Full access
in American Journal of Veterinary Research

Abstract

Objective—To determine the effect of feline herpesvirus type 1 (FHV-1) on tear film breakup time (TFBUT) and Schirmer tear test (STT) values in cats with primary experimental infection and to determine the relationship betweenTFBUT and STT values and conjunctival goblet cell density (GCD).

Sample Population—9 specific-pathogen–free cats of approximately 6 months of age.

Procedures—6 cats were inoculated with FHV-1; 3 control cats were sham inoculated. Clinical and histologic evidence of conjunctivitis and TFBUT, GCD, and STT values were assessed at multiple times until postinoculation day (PID) 29.

Results—In infected cats, mean clinical and histologic conjunctivitis scores peaked at PID 7 and remained above baseline at PID 29. In control cats, these 2 variables did not change from baseline throughout the study. MeanTFBUT declined rapidly in infected cats up to PID 15 and at PID 29 remained less than baseline, less than for control cats, and below refer-ence range values. Mean STT value for infected cats at PID 29 was increased from baseline but was within the reference range and not different from the value for control cats. Mean GCD in infected cats declined precipitously by PID 7 and remained below reference range values at PID 29. Mean GCD in control cats remained unchanged for the duration of the study period.

Conclusions and Clinical Relevance—FHV-1 induced qualitative tear film abnormalities in experimentally infected cats, as measured by TFBUT and GCD. Assessment of TFBUT provided a reasonable clinical estimate of GCD.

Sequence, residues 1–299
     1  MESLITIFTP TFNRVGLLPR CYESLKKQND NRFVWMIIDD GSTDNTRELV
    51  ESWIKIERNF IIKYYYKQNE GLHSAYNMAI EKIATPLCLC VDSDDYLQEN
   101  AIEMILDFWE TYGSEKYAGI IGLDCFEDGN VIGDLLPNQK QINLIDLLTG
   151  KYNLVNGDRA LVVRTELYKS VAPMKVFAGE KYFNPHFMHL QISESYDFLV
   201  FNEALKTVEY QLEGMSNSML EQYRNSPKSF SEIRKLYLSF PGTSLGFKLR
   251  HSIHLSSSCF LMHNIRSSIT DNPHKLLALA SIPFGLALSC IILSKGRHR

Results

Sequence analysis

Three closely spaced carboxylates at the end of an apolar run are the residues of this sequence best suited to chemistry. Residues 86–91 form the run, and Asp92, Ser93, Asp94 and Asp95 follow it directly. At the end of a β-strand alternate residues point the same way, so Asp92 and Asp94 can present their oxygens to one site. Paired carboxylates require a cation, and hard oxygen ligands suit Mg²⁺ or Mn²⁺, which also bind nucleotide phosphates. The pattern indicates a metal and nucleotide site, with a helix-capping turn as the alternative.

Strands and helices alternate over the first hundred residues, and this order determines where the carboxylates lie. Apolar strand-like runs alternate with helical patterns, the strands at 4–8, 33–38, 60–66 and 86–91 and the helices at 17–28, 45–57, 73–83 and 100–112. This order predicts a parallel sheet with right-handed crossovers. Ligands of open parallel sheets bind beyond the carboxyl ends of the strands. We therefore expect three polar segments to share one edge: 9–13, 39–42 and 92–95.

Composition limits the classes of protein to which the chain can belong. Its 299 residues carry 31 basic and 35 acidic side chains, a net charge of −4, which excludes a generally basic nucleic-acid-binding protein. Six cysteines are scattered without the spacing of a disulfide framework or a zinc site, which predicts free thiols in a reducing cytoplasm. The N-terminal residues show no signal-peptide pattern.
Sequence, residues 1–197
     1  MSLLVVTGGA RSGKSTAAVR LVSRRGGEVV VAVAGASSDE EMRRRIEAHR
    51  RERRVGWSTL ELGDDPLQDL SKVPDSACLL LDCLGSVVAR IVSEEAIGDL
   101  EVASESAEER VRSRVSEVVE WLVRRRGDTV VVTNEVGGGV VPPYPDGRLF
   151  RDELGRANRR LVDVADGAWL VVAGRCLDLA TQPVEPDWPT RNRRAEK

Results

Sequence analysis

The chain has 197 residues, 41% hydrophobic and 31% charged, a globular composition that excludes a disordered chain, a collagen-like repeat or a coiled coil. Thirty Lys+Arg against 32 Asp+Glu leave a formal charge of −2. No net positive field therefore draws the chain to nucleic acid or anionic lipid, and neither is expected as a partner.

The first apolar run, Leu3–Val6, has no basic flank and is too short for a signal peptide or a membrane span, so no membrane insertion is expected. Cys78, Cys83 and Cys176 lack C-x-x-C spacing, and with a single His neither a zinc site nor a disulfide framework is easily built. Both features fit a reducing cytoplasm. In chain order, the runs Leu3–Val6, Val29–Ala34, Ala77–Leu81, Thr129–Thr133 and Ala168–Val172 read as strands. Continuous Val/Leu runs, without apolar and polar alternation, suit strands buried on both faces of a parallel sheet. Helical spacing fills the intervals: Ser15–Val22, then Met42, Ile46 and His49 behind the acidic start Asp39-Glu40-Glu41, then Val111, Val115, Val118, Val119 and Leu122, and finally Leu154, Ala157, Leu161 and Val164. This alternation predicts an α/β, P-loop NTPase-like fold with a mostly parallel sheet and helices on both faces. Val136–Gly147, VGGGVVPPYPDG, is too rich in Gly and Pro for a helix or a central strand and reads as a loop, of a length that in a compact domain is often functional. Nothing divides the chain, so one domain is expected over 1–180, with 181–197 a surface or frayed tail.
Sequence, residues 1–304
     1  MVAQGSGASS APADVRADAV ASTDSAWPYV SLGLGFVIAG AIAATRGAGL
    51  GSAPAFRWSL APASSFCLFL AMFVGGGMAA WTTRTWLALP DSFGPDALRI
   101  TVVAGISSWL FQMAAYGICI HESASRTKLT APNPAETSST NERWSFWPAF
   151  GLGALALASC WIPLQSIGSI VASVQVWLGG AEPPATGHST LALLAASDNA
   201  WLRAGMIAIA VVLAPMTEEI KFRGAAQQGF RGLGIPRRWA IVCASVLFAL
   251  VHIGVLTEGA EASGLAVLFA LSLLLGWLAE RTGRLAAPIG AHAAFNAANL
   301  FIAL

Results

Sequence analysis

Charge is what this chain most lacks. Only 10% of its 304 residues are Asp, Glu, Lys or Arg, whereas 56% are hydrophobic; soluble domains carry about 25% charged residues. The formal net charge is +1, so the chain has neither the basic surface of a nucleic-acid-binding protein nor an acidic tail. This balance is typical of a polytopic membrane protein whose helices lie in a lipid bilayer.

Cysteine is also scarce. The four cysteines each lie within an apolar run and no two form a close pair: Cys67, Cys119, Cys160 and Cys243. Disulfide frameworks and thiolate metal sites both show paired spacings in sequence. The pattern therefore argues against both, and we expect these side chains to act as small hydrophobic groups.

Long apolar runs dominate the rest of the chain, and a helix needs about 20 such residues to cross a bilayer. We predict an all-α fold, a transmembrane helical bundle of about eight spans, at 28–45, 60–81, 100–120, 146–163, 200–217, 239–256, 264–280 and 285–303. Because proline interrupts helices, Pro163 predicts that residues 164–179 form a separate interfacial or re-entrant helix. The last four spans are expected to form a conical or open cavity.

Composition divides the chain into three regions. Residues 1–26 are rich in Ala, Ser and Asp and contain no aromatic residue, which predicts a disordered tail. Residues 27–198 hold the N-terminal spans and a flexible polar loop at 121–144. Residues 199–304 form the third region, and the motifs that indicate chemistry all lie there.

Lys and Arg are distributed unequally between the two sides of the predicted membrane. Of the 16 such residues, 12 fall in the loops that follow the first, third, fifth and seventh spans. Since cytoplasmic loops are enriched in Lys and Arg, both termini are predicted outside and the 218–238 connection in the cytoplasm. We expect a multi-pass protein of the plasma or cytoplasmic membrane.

Full access
in American Journal of Veterinary Research

Abstract

Objective—To assess the intraoperative and postoperative clinical effects and histologic effects of intracameral administration of α-chymotrypsin in clinically normal dogs undergoing standard intracapsular lens extraction (ICLE).

Animals—6 young adult male dogs without evidence of systemic or ocular disease.

Procedures—All dogs underwent bilateral ICLE 7 minutes following injection of 75 U of α-chymotrypsin or an identical volume (0.5 mL) of a commercially available balanced saline solution (BSS) into the posterior chamber of the eye. Ease of lens extraction was subjectively assessed and intraoperative intraocular hemorrhage and fibrin accumulation scored. For 27 days after surgery, ocular hyperemia and discharge, chemosis, corneal edema, hyphema, and aqueous flare were scored, and intraocular pressure (IOP) was measured. Thirty days after surgery, histologic evidence of anterior synechia, collapse of and inflammation within the iridocorneal angle, and iritis were scored.

Results—In 5 of 6 dogs, the surgeon was able to correctly identify the eye treated with α-chymotrypsin on the basis of ease of lens extraction. Mean intraoperative intraocular hemorrhage and fibrin scores for BSS-treated eyes were significantly higher than for α-chymotrypsin-treated eyes. Postoperatively, there were no significant differences between treatments for any clinical variables, including IOP Histologic scores were not significantly different between treatments for any variable. Vision was lost as a result of glaucoma in 1 α-chymotrypsin-treated eye and 1 BSS-treated eye.

Conclusions and Clinical Relevance—Intracameral administration of 75 U of α-chymotrypsin 7 minutes before ICLE facilitated lensectomy without apparent adverse effects in clinically normal dogs.

Full access
in American Journal of Veterinary Research